We learned all about elephants being the bulldozing bullies of the bush – crushing trees and intimidating other animals that get in their way. All of the animals were completely unfazed by the presence of the vehicle. But as soon as you get out of it, that’s when they see you as a threat. The elephants were so graceful, even bulldozing through trees. I could have stared at them all day long.
We returned to the lodge to change and unwind for a few hours before lunch at one and high tea at two. I sent out my laundry to be washed, took a nap, and awoke to clean clothes – something I had been dreaming of since arriving in Cape Town.
I changed into safari gear, and went back to the Land Rover at 3:30 for the night drive. The previous guests had left, and we were joined on our drive by another couple from South Africa.
The night drives are very different than the morning drives. It’s pitch black, with the exception of the headlights and the tracker’s flashlight. You’re constantly looking at shadows and saying, “Wait! Over there!” And there’s never anything there. I eventually gave up trying to “help”, and left it to the professionals, who were able to locate owls, hippo, rhino, elephants, etc. in the complete darkness.
After the drive, we met back at the lodge for drinks (I had water) and dinner. We talked a bit with the other guests about life in South Africa vs. the States, ate some delicious food, and eventually headed back to our cabins.
Day 2, I was ready for you. My beloved hippos woke me up around 3 AM. Instead of forcing sleep on myself, I made some coffee and took my time waking up. By 6:00 AM, I was out the door.
Part II of the drive continued as Rondy tracked a female leopard that had just attacked an impala (how do they find these animals just by looking at the marks in the ground?!). We caught a glimpse as the leopard dashed away, leaving her kill unclaimed. Later, we found a new pride of female lions sleeping quietly in the bush, so camouflaged that you could easily walk right into them.
During dinner that night, we were joined by a lovely family of six from the island of Jersey. These group dinners were becoming one of my favorite parts of the trip: the opportunity to sit down and learn about life in other parts of the world.
Feeling under the weather, and too easily influenced by my Web MD Self-Diagnosis, I decided to sleep in instead of taking the morning drive. I was miraculously cured by mid-afternoon, thanks to the power of sleep and my mom’s stash of pills for every imagined ailment. Thank god for moms and the things they keep in their purse.
Tonight was our last night at the lodge, and I had no intention of missing out on anything else.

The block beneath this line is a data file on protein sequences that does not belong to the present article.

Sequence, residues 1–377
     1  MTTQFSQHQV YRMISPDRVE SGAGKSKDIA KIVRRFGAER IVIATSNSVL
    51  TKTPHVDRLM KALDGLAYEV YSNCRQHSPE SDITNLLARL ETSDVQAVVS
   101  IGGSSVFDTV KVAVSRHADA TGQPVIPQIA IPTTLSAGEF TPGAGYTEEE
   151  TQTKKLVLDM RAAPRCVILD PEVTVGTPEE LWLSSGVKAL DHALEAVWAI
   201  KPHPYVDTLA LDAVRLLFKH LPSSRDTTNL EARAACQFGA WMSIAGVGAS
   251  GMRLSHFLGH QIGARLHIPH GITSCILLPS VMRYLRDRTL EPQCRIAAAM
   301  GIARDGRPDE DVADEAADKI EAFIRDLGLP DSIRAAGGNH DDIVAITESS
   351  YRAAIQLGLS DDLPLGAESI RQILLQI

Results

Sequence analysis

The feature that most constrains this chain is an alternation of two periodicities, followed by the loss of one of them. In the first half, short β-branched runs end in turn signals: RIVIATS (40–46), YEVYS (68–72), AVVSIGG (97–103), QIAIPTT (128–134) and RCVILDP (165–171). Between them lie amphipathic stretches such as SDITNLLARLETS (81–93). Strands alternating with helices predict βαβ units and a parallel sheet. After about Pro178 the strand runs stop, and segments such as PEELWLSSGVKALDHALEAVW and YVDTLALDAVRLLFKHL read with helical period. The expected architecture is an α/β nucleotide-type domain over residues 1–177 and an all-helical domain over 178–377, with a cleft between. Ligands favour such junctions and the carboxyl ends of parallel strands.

We drove to see two male lions who had recently been in a pretty rough fight with males from another pride. I wanted to hop out of the vehicle and cuddle with these poor, beaten babies so hard, but I didn’t. Cause, teeth.
Around sunset, Carl drove us out into a clearing, where we and the other family vehicle were surprised with a beautiful spread of drinks and hors d’oeuvres. I was so excited that I forgot I don’t like gin and downed two glittery purple concoctions, listening to a herd of elephants about two hundred yards away.
We finished up the drive with a bit of stargazing before ending back up at the lodge. There, we took advantage of the warmer weather and had an outdoor cookout to round off the last evening.
On our last morning, I tried my best to soak it all in. I finally took advantage of the outdoor shower around 4:30 AM, standing in the pitch black and looking up at the full moon. It was incredible, in a hand-me-a-white-chariot-and-call-me-Selene way.
We took our morning drive, and watched another herd of elephants eating branches, while the babies practiced using their trunks correctly. I took about a million photos of birds after realizing that I had neglected them thus far. BTW, those Zazu birds are intense little creatures.
Then it was time to pack up, say farewell to the wonderful staff members, and drive back to the airport. The only traffic that we encountered was a ten-minute stop due to a stampede of impala crossing the road, which I felt was an appropriate ending.
I know I already said it, but this was such an amazing experience, and I feel like this blog post just doesn’t do it justice. I am so grateful that I was able to go on this trip with my fabulous parents.
Things I learned:
- Luxury safari lodges are actually less expensive than camping safaris. Go figure.
- Teenage boy elephants are fond of flapping their ears, slow-charging at the vehicle, then losing their nerve and hiding behind their moms.
- Baby rhinos (not pictured, but Google it) are the cutest things you’ve ever seen.
- Safaris do not require fashionable outfits. I forced myself to wear every damn thing that I packed at least once (for the principle of the thing), but it was highly unnecessary. Bring a puffer, hoodie, t-shirts, jeans, and boots and call it a day.
- You quickly run out of things to say when seeing certain animals. “Wow” was said in our vehicle no less than 18 times over the course of one drive.
- There are no statues of animals at the Hoedspruit airport.
Any safari or packing related questions? Let me know below.